Exterior: The inspector should look at sidewalks, driveways, steps, windows, and doors. A home’s siding, trim, and surface drainage also are part of an exterior inspection.
Roofing: A well-maintained roof protects you from rain, snow, and other forces of nature. Take note of the roof’s age, conditions of flashing, roof draining systems (pooling water), buckled shingles, loose gutters and downspouts, skylight, and chimneys.
Plumbing: Thoroughly examine the water supply and drainage systems, water heating equipment, and fuel storage systems. Drainage pumps and sump pumps also fall under this category. Poor water pressure, banging pipes, rust spots, or corrosion can indicate problems.
Electrical: Safe electrical wiring is essential. Look for the condition of service entrance wires, service panels, breakers and fuses, and disconnects. Also take note of the number of outlets in each room.
Heating: The home’s heating system, vent system, flues, and chimneys should be inspected. Look for age of water heater, whether the size is adequate for the house, speed of recovery, and energy rating.
Air Conditioning: Your inspector should describe your home cooling system, its energy source, and inspect the central and through-wall cooling equipment. Consider the age and energy rating of the system.
Interiors: An inspection of the inside of the home can reveal plumbing leaks, insect damage, rot, construction defects, and other issues. An inspector should take a close look at:
Ventilation/insulation: To prevent energy loss, check for adequate insulation and ventilation in the attic and in unfinished areas such as crawlspaces. Also look for proper, secured insulation in walls. Insulation should be appropriate for the climate. Excess moisture in the home can lead to mold and water damage.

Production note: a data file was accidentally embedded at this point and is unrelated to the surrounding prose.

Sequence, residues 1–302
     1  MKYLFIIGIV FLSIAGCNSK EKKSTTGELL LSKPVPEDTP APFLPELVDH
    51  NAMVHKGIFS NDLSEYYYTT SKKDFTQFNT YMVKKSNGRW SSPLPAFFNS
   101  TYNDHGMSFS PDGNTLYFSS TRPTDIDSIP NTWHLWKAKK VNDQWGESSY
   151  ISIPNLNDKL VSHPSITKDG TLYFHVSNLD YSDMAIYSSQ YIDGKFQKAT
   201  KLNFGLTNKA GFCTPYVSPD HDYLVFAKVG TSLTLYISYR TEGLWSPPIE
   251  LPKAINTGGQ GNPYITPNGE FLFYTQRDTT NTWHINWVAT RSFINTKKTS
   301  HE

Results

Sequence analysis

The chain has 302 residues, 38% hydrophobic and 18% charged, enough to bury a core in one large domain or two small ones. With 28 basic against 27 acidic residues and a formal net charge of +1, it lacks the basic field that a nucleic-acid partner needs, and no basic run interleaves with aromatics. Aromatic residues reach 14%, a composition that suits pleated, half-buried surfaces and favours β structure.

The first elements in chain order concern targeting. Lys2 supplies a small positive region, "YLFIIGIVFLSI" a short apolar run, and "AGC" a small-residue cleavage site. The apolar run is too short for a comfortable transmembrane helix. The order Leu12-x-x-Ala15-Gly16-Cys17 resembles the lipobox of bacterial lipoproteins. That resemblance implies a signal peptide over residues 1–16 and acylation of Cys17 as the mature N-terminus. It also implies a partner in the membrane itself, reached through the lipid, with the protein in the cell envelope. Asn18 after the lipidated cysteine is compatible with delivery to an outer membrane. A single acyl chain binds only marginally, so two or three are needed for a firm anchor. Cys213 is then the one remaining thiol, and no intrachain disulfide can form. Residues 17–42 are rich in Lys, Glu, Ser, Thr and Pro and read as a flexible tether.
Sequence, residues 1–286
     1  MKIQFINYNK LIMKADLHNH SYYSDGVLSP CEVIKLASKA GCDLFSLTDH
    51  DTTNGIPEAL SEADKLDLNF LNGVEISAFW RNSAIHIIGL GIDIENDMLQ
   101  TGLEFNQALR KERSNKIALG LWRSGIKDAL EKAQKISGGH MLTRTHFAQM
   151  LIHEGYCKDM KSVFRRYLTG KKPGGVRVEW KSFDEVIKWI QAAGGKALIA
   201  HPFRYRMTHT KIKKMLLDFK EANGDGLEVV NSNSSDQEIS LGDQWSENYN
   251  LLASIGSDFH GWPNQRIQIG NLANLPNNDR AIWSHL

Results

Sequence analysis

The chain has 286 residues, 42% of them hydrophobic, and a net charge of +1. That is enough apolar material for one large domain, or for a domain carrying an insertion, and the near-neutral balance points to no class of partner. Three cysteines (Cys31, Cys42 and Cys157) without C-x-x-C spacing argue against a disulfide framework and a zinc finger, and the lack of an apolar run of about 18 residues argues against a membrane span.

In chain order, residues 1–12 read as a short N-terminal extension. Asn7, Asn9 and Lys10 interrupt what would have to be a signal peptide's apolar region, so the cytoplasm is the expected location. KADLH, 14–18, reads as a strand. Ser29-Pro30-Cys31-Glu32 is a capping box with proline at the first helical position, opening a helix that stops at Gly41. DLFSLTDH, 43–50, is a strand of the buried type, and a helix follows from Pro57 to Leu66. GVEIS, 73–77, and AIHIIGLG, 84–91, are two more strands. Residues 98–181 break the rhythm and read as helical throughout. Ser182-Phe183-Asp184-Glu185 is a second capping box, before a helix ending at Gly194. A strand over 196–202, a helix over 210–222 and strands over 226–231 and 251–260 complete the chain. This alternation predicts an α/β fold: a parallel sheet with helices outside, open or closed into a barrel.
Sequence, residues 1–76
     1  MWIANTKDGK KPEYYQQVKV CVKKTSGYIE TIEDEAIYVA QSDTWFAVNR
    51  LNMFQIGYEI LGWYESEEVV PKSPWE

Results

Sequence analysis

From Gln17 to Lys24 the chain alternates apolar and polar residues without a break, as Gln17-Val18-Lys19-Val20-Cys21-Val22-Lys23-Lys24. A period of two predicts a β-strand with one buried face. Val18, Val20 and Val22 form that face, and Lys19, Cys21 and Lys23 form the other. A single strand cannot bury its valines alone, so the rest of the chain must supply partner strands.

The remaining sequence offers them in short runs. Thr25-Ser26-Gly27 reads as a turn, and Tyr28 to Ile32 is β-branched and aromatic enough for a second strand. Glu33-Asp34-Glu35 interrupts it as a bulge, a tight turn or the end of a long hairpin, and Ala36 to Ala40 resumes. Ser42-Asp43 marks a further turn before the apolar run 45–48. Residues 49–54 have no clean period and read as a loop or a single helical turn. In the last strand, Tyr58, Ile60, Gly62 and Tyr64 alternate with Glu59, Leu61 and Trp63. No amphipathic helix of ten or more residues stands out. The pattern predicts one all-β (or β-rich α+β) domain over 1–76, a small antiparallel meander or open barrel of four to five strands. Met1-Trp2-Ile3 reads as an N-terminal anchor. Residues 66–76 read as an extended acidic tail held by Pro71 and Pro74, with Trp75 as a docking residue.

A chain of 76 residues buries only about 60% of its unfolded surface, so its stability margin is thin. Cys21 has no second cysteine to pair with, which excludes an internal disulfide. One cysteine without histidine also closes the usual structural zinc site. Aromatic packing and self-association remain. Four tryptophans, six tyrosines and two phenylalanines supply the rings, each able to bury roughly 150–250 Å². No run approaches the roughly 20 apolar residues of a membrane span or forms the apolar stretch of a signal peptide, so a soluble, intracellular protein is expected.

Fireplaces: They’re charming, but they could be dangerous if not properly installed. Inspectors should examine the system, including the vent and flue, and describe solid fuel burning appliances.
Are you looking to buy a new home? Are you thinking that now’s a great time to find bargains? Before you make an offer, it pays to know a little about the seller’s situation.
If a home is being sold for below what the current seller owes on the property—and the seller does not have other funds to make up the difference at closing—the sale is considered a short sale. Many more home owners are finding themselves in this situation due to a number of factors, including job losses, aggressive borrowing against their home in the days of easy credit, and declining home values in a slower real estate market.
A short sale is different from a foreclosure, which is when the seller’s lender has taken title of the home and is selling it directly. Homeowners often try to accomplish a short sale in order to avoid foreclosure. But a short sale holds many potential pitfalls for buyers. Know the risks before you pursue a short-sale purchase.
You’re a good candidate for a short-sale purchase if:
If you’re serious about purchasing a short-sale property, it’s important for you to have expert assistance. Here are some people you want to work with:
Some of the other risks faced by buyers of short-sale properties include:
The risks of a short sale are considerable. But if you have the time, patience, and iron will to see it through, a short sale can be a win-win for you and the sellers.
* Not all real estate practitioners are REALTORS®. A REALTOR® is a member of the NATIONAL ASSOCIATION OF REALTORS® and is bound by NAR’s strict code of ethics.
Note: This article provides general information only. Information is not provided as advice for a specific matter. Laws vary from state to state. For advice on a specific matter, consult your attorney or CPA.